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How To Choose The Right Boiler For Your Property

For many people choosing a new gas or oil fired boiler is something they’d prefer to leave to the ‘experts’. However, as you will often receive conflicting advice from installers, a certain amount of background knowledge is essential to allow you to make an informed decision and avoid the disappointment of ending up with a substandard installation that doesn’t live up to your full expectations. Some of the key points you'll need to consider include:

 

Combi or Heat Only

Well over 60% of new boilers installed these days are combis. These boilers provide both central heating and hot water from the same unit and so eliminate the need for a separate hot water cylinder. They suit small to medium sized properties, with up to one bathroom and en-suite, and come in sizes from 24kW up to 40kW, the larger the kW rating of the boiler the greater the hot water flow rate at the taps. If you like to bath a lot, or require more than one tap/shower to work effectively at the same time, then it's well worth considering installing a larger output boiler as one of the most common complaints, especially concerning gas combi boilers, is to do with poor hot water flow rate. This is usually caused by an installer specifying an undersized boiler, (as stated earlier, the larger the boiler output the better the hot water flow rate), or due to poor mains water pressure, something that should be checked by the installer before committing to this type of installation.

Heat only boilers will often be installed in properties which have poor mains water pressure, and so are unsuitable for a combi boiler, as well as larger properties containing several bathrooms which would require a hot water cylinder to meet the higher hot water demand. In addition they can be found on any heating system that requires the installation of a hot water cylinder for safety reasons, such as those containing a multifuel appliance fitted with a back boiler or solar thermal panels. (N.B. If you’re considering installing a wood burning or multifuel appliance, Solar thermal panels or Solar P.V. at some point in the future then it would be sensible to factor this in to any decision at this stage).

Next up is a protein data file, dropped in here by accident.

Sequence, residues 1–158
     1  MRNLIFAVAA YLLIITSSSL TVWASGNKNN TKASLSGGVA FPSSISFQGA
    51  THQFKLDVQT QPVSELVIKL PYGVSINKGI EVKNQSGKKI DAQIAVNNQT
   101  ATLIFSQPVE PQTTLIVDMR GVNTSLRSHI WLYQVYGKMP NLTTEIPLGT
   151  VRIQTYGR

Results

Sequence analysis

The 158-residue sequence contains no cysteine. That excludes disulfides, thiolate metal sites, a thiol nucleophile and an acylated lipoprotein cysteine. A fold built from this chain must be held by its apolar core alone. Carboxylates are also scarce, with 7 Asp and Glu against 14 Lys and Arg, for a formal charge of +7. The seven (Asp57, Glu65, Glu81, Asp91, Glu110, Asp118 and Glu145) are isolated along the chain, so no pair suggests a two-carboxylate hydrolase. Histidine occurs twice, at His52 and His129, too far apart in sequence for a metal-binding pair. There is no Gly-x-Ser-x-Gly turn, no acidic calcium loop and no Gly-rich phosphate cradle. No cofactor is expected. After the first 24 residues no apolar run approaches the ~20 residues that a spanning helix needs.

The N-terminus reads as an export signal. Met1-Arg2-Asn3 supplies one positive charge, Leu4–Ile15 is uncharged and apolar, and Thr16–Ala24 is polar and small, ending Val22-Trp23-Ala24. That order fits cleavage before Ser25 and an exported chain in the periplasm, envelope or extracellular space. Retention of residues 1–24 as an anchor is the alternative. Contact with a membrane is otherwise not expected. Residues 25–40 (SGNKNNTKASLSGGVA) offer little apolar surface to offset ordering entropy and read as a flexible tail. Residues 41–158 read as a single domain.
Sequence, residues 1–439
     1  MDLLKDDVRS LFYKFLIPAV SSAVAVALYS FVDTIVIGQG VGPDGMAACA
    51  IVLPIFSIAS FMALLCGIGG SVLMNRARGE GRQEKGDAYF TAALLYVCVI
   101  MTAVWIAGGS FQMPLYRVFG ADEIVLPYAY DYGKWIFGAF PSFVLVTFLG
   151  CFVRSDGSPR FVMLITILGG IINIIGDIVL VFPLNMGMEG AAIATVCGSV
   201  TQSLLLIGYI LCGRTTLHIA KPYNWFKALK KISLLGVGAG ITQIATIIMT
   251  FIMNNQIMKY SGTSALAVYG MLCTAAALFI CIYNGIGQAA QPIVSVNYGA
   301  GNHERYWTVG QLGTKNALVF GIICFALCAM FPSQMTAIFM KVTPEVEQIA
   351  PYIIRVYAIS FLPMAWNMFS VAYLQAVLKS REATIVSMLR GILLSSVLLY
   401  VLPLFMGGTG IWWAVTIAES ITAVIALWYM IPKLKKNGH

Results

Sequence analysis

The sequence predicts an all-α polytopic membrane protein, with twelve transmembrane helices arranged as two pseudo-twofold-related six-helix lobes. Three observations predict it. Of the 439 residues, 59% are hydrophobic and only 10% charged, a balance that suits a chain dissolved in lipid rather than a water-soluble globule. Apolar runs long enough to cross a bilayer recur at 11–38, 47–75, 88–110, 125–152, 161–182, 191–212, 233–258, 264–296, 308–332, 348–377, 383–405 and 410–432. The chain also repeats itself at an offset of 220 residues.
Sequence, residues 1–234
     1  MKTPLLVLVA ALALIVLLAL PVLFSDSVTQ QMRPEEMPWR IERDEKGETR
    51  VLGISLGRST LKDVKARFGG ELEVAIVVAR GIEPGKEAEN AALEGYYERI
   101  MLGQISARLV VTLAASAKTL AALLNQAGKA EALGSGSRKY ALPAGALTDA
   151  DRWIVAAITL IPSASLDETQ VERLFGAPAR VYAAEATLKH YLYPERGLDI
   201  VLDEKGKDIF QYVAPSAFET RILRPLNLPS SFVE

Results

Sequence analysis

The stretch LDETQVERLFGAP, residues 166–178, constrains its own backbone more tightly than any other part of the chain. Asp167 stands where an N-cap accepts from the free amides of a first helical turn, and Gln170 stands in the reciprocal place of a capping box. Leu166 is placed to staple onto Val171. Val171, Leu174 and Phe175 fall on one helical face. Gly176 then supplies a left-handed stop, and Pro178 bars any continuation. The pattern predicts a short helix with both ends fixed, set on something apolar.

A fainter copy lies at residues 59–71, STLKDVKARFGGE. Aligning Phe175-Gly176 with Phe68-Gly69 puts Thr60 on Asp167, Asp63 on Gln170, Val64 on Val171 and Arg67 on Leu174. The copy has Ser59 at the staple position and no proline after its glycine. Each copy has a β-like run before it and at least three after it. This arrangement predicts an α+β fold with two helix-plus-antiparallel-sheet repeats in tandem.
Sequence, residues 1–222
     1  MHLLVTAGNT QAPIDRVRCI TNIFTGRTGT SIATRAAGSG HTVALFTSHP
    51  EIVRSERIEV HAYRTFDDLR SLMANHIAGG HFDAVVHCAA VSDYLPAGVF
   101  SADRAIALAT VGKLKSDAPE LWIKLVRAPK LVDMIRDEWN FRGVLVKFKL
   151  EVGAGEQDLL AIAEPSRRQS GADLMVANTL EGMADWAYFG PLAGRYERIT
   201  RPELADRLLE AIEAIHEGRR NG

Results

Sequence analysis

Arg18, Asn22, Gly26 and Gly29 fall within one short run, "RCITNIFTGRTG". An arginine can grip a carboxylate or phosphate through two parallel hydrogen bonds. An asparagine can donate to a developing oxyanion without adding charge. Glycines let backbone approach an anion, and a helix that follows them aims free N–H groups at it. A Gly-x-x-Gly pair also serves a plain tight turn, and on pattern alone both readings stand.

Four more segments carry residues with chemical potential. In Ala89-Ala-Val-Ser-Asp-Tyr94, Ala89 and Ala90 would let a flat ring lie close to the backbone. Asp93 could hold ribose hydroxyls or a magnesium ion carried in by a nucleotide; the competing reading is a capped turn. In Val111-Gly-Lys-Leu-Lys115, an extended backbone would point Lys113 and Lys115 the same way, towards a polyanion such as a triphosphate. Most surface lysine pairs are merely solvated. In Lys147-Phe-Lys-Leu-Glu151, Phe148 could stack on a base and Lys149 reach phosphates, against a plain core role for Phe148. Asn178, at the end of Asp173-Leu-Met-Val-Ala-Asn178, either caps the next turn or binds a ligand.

Price

It's important to realise that without appropriate guidance from the customer many installers will quote to supply the cheapest boiler they can find fearing they’ll lose the job if they don’t come up with the lowest price. Unfortunately the saying ‘you get what you pay for’ is just as applicable to boilers as anything else. Cheap boilers often come with only a one or two year manufacturers’ guarantee and in the trade are known to be extremely unreliable and expensive to repair; supplying the spare parts is where the manufacturers ultimately make their money. It’s not uncommon for customers to become so frustrated with the poor reliability and repair costs associated with these boilers that they’ll have them replaced after 6 or 7 years, which is only around half the life expectancy of a quality boiler!  When you consider that the potential savings to be made between installing a cheap boiler and a quality boiler are only a maximum of a few hundred pounds, which can easily be swallowed up paying for one or two breakdowns, it's hardly worth taking the risk.

 

Guarantees

As with all major purchases, the best way to assess the quality and reliability you’re likely to get from a product is often reflected in the guarantee the manufacturer is prepared to offer on it. Currently there are a number of reputable manufacturers, including Worcester Bosch, Baxi and Ideal who are providing parts and labour guarantees of  between 5 and 10 years on their boilers, which not only says a lot about the quality of the product itself, but could also result in you saving a significant amount of money, as if you currently have an annual maintenance contract on your existing boiler, something that can costs up to £200 a year, this can be cancelled for the duration of the manufacturers’ guarantee.